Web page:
Postmodernism – What is real?

The third question that must be asked is, “What is real.” This question is on the minds of today’s students. The one issue that is keeping many ministries stagnant or dead is the lack of leaders being real. Doug Fields in "First Two Years in Youth Ministry" explains it this way, “If you pretend to be something that you are not, it is dishonest, hypocritical, and damaging to students because they will eventually find out the truth.” Students are dying for a caring environment that meets them at their point of need. Authentic relationships are the key to successful ministry and will produce servants of Jesus. Jonathon McKee says, “he often met people’s physical needs first, which opened the door to meeting their spiritual needs. Jesus was a master at relational evangelism: building a relationship, developing trust, and earning the right to be heard.”  Student ministry must answer the questions that students are seeking.

Meeting students at their point of need is being relevant, it does not mean leaving out the Word of God, but dropping critical attitude and tradition. The emphasis is upon loving people enough to hear them out and build a lasting relationship. In the book "Being Leaders" it says, “Godly character is the foundation for Christian leadership, the essential qualifying element. Because it earns people’s respect and, most important, produces trust, character is the most crucial factor in relationships.”

Methods must change in order to reach this generation of teenagers who base their decisions and lives on feelings and peer pressure. Richard Dunn explains, “communion with a God who can do what they can not do for themselves: provide ultimate love, hope and meaning in a world littered with the residue of religious disillusionment.”  Student ministry must be a place of safety, love, and acceptance. An environment of openness will help lead people to life-change.

Reaching this generation for Jesus has to be rooted in the truth of the gospel. Students are looking for authenticity from trusted leaders. Mike Yacconelli states, “When we treat people as individuals, we are not only treating them as authentic people and being authentic ourselves, we are showing that Christ is authentic.”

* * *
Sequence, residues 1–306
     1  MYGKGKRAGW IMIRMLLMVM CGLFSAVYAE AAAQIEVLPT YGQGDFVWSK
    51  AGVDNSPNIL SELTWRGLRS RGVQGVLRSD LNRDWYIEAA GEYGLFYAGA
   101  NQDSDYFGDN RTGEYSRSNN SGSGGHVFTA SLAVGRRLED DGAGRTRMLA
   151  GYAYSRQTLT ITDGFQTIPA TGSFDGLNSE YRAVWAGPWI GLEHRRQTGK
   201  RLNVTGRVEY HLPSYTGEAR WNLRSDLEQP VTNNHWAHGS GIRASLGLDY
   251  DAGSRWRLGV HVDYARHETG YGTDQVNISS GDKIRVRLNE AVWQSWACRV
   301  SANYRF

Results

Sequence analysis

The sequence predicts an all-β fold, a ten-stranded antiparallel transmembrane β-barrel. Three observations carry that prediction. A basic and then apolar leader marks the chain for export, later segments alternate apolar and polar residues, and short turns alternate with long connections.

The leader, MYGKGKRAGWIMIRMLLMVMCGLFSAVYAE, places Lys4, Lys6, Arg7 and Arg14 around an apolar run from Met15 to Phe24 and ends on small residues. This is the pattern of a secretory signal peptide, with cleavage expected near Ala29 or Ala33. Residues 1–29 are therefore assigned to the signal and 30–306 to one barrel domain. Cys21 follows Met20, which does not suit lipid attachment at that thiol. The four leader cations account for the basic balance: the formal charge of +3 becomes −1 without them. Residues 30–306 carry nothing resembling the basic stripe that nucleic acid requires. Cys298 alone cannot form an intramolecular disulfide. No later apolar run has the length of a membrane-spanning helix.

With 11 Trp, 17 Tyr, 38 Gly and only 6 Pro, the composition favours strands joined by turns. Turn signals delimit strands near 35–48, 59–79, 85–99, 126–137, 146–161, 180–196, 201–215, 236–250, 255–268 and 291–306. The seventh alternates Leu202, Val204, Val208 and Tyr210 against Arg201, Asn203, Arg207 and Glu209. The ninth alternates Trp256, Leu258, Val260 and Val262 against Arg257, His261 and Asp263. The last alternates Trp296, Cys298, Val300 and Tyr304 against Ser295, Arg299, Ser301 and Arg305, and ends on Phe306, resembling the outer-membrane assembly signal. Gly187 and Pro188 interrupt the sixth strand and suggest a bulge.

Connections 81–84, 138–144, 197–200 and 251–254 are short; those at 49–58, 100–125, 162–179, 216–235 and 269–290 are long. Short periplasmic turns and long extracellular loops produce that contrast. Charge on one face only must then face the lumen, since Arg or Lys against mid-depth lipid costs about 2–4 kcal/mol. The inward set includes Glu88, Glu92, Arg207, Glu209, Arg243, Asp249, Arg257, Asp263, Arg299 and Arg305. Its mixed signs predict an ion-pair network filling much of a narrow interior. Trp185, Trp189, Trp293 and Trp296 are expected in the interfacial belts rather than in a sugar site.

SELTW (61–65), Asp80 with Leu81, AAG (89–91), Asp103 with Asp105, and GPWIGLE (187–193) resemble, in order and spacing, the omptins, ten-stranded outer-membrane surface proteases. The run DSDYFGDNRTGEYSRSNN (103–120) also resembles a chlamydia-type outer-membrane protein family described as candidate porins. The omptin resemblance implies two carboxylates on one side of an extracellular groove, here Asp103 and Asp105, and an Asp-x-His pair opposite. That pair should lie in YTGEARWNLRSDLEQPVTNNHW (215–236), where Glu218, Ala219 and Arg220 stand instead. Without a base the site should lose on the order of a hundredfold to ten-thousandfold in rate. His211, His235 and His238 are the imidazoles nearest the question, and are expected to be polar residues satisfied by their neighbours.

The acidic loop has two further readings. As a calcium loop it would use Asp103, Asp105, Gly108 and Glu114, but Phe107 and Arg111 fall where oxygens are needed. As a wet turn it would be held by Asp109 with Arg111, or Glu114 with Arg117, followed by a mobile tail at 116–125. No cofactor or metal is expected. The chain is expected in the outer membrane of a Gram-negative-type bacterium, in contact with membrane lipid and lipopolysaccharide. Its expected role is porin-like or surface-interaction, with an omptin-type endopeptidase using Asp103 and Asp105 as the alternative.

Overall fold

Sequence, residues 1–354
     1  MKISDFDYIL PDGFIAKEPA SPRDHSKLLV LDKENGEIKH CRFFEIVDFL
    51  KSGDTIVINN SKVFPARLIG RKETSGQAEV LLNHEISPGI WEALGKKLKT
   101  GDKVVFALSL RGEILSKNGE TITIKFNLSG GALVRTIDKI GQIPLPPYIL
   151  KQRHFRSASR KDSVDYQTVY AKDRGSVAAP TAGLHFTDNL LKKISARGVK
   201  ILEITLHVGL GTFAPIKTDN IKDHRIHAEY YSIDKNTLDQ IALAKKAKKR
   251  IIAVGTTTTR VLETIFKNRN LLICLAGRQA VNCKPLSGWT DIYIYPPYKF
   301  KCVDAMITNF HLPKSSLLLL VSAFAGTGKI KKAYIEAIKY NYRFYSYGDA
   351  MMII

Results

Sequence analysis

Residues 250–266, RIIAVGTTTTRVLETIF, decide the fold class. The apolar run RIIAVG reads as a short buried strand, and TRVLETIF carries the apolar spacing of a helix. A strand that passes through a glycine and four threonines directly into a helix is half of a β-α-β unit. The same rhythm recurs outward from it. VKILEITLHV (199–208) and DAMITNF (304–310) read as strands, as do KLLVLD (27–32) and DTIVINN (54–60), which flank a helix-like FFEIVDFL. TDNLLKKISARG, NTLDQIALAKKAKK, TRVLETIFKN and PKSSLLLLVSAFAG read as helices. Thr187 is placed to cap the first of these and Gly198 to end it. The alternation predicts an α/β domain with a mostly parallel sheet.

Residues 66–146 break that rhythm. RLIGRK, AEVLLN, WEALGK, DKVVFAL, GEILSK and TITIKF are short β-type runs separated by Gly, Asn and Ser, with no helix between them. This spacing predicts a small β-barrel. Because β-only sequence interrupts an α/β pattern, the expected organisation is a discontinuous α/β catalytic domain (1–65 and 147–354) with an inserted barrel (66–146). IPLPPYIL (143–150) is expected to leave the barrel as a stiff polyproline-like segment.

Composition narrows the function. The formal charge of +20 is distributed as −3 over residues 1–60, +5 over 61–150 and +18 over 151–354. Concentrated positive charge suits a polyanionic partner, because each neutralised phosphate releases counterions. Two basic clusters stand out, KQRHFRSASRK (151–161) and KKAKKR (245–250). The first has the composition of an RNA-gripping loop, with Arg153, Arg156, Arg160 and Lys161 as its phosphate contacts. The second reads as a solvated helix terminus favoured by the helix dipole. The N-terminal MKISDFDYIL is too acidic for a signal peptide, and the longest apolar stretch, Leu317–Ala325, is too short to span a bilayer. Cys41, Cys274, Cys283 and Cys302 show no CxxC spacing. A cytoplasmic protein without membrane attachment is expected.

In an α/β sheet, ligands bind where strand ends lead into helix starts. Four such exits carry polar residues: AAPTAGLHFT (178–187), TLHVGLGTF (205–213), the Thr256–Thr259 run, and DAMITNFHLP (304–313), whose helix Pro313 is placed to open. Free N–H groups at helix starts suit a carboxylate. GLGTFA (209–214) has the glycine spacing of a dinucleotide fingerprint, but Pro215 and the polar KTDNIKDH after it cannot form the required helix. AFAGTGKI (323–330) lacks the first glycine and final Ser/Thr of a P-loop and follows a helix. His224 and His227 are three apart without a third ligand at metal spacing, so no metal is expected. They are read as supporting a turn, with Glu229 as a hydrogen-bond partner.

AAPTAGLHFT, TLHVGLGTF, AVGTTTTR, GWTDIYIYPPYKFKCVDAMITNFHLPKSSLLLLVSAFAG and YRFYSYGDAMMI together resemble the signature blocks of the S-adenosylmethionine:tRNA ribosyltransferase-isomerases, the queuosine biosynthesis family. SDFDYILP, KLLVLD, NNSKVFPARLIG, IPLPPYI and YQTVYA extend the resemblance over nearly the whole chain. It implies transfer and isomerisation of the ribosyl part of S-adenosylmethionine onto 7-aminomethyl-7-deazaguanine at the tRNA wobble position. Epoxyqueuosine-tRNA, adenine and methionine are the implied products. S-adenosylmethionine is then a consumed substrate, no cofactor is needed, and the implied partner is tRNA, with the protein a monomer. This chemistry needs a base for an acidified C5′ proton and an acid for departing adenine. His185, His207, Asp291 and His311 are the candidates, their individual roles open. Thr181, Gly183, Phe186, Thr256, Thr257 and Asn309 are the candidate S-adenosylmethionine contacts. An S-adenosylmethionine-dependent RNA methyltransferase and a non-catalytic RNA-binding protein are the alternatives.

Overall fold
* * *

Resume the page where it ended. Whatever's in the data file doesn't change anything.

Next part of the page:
Authenticity must be exemplified to impact students for a lifetime of serving Christ. Authentic, relational ministry is the wheels that student ministry must ride on to be effective in the long run.

Sources:

Jonathon McKee - Do they Run When They See You Coming? Reaching Out to Unchurched Teenagers

Doug Fields - Your First Two Years in Youth Ministry

Dustin Malphurs - Being Leaders: The Nature of Authentic Christian Leadership

Richard Dunn  Shaping the Spiritual Life of Students: A Guide for Youth Workers, Pastors, Teachers & Campus Ministers

Mike Yacconelli - The CORE Realities of Youth Ministry: Nine Biblical Principles That Mark Healthy Youth Ministries

Postmodernism - What is of value?

In order to answer the second question of, "what is value," student ministry must be built upon genuine relationships. Many students have internalized their need of acceptance and purpose into financial and material success. People are what God values, not worldly success of financial pleasure (John 12:47). It is an awesome privilege that Jesus uses fragile, sinful human beings to carry out His purposes on earth. Jesus always included His disciples. He duplicated Himself by not only showing them how to live but gave them a shared vision. Humans are the ultimate value to God and through all aspects of the ministry this truth must be implemented through Christ-like relationships. Redemption that is biblical values people. We are created in God’s image but without repentance through faith in Christ, there is a broken relationship. The key is to lead students to be transformed by Christ through warm and encouraging relationships.

In Rainer’s book, he explains the reality of the Bridger generation, “They have ‘God’ on their minds. They key questions is: What kind of God will they find?” The need for feeling valued is evident in today’s teenagers and the church must have an answer for their heart’s cries.

Sources:

The Bridger Generation: America’s Second Largest Generation, What they Believe, How to Reach Them. Thom Rainer